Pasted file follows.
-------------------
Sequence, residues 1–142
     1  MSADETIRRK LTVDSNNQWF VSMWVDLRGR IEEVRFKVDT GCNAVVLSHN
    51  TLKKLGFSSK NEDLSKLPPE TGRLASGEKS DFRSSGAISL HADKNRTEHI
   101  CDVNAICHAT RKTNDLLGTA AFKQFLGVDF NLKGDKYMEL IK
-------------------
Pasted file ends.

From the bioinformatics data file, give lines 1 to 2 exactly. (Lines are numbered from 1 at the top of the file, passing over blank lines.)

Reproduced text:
Sequence, residues 1–142
     1  MSADETIRRK LTVDSNNQWF VSMWVDLRGR IEEVRFKVDT GCNAVVLSHN